After six years of the economy in the “safe hands” of a Conservative-led government, the national debt has risen to its highest level since the 1960s, when the UK was paying off its debts from two world wars.
Since 2010, the years of austerity under David Cameron caused the public debt to swell to £1.6 trillion, equal to 83.3% of total GDP. The last time the debt was at this level, the UK was in the midst of paying of debts accumulated in fighting two world wars, and the debt was rapidly falling year on year.
Former chancellor George Osborne argued that difficult cuts to public services were needed to bring the budget deficit down and get the national debt under control by 2020 – fixing the so-called fiscal “roof”. The Conservatives offering “safe hands” with the economy was the central tenet of their two election victories.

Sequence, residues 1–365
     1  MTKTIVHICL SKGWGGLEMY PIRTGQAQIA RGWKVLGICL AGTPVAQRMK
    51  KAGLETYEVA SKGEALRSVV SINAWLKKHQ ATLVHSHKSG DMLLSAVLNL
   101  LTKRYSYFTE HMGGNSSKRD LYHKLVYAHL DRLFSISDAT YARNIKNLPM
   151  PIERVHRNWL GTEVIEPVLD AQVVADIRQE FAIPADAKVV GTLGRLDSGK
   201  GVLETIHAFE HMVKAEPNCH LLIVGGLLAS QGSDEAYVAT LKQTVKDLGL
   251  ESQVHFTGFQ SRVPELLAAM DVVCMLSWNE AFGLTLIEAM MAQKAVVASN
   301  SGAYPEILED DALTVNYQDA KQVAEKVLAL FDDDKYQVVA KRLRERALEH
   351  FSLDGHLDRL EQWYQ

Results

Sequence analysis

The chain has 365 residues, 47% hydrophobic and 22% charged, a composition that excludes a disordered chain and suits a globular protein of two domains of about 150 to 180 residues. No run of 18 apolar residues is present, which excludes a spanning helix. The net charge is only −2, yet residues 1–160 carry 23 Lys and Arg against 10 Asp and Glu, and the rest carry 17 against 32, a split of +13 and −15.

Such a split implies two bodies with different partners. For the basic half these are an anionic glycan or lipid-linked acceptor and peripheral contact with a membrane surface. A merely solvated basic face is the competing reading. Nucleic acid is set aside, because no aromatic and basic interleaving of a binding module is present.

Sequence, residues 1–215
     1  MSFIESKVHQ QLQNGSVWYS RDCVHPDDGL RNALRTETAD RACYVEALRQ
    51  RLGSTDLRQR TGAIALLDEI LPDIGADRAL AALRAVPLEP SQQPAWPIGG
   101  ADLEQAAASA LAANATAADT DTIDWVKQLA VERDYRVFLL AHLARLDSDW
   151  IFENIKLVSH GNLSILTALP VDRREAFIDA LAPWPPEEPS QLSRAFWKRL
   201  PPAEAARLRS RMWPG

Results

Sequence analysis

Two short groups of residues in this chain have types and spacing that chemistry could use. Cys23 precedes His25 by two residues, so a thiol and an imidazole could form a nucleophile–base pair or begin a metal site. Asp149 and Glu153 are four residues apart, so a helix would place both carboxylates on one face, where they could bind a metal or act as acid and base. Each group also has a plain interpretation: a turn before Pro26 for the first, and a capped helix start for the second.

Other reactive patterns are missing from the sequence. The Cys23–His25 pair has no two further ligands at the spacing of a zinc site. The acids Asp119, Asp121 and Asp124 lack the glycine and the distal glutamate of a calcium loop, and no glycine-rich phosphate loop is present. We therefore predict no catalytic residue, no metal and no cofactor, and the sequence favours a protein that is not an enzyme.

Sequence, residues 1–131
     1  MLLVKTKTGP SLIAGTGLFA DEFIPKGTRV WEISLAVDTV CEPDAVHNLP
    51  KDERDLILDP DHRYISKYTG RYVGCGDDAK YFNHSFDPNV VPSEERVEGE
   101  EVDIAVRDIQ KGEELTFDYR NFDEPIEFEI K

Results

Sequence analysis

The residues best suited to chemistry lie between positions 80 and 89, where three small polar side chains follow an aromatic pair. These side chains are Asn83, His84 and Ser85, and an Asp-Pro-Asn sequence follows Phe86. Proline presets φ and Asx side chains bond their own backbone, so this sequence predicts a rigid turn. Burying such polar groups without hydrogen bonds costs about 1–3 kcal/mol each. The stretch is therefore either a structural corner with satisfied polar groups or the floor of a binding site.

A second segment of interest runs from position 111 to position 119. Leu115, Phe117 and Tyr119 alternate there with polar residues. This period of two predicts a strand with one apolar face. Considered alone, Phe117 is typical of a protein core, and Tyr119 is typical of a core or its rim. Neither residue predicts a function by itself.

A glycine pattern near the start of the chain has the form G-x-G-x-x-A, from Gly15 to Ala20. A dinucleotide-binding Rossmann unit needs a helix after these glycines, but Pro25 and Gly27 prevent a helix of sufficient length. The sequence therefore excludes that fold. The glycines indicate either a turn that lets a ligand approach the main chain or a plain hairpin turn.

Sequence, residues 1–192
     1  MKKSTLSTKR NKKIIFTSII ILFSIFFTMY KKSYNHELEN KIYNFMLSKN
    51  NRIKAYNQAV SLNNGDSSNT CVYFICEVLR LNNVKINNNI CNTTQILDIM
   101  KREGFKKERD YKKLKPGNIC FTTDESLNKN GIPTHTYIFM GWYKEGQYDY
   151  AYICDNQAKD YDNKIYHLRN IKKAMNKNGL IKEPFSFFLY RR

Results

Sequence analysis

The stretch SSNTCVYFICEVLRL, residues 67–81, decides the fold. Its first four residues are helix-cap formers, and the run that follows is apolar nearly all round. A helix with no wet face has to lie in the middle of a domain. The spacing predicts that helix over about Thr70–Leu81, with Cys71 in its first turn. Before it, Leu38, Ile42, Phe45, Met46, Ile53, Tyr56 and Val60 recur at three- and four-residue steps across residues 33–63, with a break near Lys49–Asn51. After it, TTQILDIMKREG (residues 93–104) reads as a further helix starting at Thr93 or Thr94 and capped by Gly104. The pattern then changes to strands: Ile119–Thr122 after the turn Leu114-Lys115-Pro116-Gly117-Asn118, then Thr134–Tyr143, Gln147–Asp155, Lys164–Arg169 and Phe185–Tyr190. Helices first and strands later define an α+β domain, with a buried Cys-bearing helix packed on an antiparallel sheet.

Despite these cuts, which have left services including the NHS in crisis, the year to September saw the deficit rise to £10.6bn, a figure £1.3bn higher than the year before.
Further cuts are slated to hit Universal Credit over coming years, but new Chancellor Philip Hammond has already indicated that the government would drop Osborne’s targets completely, causing many to ask whether the cuts were anything more than ideological.